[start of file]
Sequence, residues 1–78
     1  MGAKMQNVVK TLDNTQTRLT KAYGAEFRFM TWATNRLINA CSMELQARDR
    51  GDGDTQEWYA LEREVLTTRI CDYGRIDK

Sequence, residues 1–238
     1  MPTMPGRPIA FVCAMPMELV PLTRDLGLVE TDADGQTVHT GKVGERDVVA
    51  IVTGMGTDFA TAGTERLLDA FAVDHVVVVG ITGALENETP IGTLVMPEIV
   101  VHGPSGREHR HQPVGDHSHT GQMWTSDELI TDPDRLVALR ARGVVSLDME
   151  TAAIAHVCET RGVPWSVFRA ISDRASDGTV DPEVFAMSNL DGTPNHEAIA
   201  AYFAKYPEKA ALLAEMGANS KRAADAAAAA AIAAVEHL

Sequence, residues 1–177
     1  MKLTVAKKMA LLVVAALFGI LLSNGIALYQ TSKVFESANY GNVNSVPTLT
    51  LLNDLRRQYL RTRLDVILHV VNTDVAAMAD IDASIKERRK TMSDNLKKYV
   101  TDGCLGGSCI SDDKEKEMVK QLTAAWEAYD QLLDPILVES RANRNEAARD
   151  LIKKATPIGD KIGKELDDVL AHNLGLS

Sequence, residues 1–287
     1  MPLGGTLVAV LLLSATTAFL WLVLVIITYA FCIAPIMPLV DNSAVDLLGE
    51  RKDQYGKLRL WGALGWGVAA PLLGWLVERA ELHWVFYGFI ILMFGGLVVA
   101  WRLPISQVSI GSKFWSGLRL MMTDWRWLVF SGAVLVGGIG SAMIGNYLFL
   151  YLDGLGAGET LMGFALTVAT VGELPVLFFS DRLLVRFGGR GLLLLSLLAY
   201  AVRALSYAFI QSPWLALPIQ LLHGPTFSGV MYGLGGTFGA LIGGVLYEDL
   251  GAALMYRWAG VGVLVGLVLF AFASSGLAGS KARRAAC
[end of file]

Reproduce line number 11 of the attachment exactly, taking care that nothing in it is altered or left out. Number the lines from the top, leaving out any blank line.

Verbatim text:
     1  MKLTVAKKMA LLVVAALFGI LLSNGIALYQ TSKVFESANY GNVNSVPTLT